The Maharashtra government expects sugar mills to cough up fair and remunerative price (FRP) payment dues to the tune of R300 crore by the end of this week. Vipin Sharma, Maharashtra sugar commissioner, told FE that factories have sought time from a week to 10 days to meet at least some of the payment requirement.
Around 26 mills in Maharashtra with a shortfall in payments of more than R400 per tonne for cane crushed until February 15 have been called for hearings at the Sugar Commissionerate. The next round of hearings is likely to be held for mills with a shortfall in payments of more than R300 per tonne for cane crushed till March 31, in the first week of April, top officials said.
According to Sharma, hearings of the mills should be completed in a couple of days following which a fresh round of hearings will be held. This time, hearings will be held for those mills with a shortfall of cane payment of more than R300 per tonne for cane crushed till March 31. Till date, the arrears have mounted up to R2,600 crore and an additional R300 crore is expected to be coming in by the end of this week, he said.
The overall payment comes up to R10,400 crore. Sharma said mills in the state have paid up around 80% of the arrears and the effort is to ensure that the gap in payments is reduced further from more than R400 per tonne to below R300 per tonne.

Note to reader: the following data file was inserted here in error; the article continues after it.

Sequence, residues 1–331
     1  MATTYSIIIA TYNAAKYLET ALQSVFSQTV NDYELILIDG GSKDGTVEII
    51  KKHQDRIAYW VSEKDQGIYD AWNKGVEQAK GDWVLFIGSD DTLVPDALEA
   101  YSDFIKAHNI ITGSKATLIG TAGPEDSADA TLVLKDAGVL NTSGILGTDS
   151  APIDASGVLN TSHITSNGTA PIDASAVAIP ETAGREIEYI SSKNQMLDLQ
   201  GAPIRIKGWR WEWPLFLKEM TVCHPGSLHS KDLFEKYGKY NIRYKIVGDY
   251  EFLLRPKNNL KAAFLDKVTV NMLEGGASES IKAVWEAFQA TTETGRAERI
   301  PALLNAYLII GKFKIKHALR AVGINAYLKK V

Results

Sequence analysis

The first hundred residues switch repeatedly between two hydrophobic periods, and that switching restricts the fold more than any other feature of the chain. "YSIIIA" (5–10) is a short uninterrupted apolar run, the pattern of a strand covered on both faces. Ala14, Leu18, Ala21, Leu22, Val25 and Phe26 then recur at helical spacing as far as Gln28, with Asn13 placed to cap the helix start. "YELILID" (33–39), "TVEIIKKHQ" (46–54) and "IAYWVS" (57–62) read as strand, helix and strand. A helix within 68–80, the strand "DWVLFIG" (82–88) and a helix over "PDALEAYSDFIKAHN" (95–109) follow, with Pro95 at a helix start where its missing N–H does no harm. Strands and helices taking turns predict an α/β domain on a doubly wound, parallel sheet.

The state this year is expected to crush 875 lakh tonne of cane to produce around 100 lakh tonne of sugar. According to Isma, Maharashtra sugar mills have produced 84.07 lakh tonne sugar as against 64.10 lakh tonne last year up to March 15, 2014. As compared to 111 sugar mills which were still crushing sugarcane last season, 170 sugar mills continue to crush sugarcane in this season now.
Although the government had issued revenue recovery orders against three mills in the state, none of the mills in the state are in the same situation as Uttar Pradesh where Mawana Sugar is reported to have closed down all its mills. Mills in the state have been making more FRP payments on the higher side for years and this is the first time that mills in the state have been struglling to make payments, senior officials said.